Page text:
While the Behemoth has been around for a few years now, let’s be honest… everything is cooler in desert tan. This new color option adds a killer look to an already proven (yet very affordable) big-fish reel. For the streamer junkie on your shopping list that digs the “tactical” look, ask Santa to send one of these tanks in 5/6- or 7/8-weight.
Fishpond Thunderhead Submersible Backpack
$299.95 • Fishpond Fishpond
With smart features like the Quickshot rod holder that lets you carry a fully built rod hands free, as well as traditional rod tube straps, the Thunderhead is the perfect bag for the fly angler that likes to really “get out there.” Rain nor an unexpected dunk in the river will compromise the dryness of what’s inside, and since this bag is made from recycled nylon, it’ll stand up to being thrown on the rocks and dragged through thorns. Buckles on the straps are also compatible with most Fishpond chest packs.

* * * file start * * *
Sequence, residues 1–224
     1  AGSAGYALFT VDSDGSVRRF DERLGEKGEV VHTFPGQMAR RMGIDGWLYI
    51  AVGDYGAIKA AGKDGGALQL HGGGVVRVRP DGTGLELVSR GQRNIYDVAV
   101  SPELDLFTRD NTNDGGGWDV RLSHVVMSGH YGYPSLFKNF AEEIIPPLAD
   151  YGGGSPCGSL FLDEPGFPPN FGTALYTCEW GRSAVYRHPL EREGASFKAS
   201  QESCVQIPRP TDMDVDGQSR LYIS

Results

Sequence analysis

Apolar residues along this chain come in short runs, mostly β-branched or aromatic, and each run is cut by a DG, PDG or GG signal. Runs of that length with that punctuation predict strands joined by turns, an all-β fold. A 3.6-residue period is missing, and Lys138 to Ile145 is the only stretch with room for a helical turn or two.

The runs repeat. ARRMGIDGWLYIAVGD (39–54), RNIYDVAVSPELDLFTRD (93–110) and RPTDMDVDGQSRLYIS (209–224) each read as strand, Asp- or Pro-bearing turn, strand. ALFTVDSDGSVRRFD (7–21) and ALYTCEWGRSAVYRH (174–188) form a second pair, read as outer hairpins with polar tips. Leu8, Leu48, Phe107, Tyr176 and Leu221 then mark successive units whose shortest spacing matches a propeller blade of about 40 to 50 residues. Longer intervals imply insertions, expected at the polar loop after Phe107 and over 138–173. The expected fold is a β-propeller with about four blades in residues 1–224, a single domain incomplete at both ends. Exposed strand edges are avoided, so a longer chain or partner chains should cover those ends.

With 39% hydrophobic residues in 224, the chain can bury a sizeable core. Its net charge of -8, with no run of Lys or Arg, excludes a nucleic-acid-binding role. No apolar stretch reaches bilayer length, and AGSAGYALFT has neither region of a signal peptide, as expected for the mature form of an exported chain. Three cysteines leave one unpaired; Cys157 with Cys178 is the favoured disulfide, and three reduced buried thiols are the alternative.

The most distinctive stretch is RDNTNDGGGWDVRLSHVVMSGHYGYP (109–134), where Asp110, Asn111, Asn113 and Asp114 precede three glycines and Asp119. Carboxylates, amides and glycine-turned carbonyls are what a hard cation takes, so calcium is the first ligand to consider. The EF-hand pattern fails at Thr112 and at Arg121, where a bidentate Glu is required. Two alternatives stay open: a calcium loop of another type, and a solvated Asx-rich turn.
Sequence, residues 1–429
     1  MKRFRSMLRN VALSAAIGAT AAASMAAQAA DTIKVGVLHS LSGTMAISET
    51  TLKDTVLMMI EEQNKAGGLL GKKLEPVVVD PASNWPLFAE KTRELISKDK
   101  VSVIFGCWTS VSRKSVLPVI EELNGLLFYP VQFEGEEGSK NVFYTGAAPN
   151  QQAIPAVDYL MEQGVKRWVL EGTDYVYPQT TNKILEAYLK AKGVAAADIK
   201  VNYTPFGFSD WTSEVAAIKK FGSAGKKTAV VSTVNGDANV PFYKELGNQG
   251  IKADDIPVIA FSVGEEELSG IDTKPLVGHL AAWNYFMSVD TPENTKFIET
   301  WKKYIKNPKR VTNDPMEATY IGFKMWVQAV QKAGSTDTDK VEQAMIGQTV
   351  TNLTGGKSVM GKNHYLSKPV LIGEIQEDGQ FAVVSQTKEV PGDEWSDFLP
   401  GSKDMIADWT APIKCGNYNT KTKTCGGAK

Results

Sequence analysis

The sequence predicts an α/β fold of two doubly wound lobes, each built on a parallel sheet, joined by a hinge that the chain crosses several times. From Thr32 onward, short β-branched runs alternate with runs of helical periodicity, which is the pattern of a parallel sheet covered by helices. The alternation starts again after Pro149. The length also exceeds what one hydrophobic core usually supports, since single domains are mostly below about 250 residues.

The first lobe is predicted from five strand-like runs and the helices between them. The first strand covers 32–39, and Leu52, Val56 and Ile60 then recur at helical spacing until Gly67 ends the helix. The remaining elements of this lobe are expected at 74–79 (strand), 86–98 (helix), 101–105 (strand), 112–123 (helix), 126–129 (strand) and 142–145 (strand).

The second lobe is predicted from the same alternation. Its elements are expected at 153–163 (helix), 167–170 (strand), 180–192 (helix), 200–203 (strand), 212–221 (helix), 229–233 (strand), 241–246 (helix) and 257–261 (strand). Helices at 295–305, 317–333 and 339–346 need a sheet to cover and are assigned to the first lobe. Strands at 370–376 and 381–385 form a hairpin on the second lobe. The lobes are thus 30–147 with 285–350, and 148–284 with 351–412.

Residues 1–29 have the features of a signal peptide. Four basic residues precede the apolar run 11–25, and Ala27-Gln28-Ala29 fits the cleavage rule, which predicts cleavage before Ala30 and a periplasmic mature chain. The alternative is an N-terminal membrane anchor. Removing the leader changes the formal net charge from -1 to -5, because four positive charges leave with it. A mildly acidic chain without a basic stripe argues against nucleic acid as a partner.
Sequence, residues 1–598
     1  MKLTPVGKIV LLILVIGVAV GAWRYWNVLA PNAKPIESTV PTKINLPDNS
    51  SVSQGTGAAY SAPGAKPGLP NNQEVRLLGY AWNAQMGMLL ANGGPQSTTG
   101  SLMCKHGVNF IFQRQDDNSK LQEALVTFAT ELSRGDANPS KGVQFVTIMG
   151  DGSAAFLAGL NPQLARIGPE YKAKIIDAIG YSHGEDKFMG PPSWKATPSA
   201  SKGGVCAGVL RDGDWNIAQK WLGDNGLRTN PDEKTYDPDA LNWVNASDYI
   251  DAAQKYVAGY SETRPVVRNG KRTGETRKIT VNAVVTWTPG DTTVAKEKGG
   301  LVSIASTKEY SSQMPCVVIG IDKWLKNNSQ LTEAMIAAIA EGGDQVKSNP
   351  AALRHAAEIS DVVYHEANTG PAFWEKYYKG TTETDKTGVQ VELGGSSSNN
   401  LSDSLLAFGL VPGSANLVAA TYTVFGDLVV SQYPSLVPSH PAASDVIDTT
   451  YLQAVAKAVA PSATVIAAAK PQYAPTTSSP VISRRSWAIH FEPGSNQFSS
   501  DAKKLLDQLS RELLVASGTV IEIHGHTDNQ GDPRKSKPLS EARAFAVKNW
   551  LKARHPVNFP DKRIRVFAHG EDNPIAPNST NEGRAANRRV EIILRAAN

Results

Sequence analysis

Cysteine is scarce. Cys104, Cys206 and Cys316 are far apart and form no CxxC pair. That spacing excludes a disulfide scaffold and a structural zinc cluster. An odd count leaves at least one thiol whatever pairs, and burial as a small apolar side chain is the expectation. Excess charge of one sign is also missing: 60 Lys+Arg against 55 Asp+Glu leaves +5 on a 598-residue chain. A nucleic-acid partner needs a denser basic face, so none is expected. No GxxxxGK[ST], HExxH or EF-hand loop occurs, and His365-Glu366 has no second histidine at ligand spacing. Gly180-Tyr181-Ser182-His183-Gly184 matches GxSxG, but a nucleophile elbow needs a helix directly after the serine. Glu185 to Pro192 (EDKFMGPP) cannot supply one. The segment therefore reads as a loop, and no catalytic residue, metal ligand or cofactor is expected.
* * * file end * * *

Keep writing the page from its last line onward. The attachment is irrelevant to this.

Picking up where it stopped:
No matter how slick those rocks, no matter how many logjams you need to climb over, the new G3 Guide Boots are designed to keep you upright and comfy. With the incorporation of a molded external TPU heel counter, a dual-density midsole and ESS plates for improved cleat retention, this is one of the most stabilizing boots Simms has ever produced. Factor in the rugged Nubuck leather construction that’s highly abrasion resistant, and you’ve got a boot the nastiest wade on the Earth won’t wear out.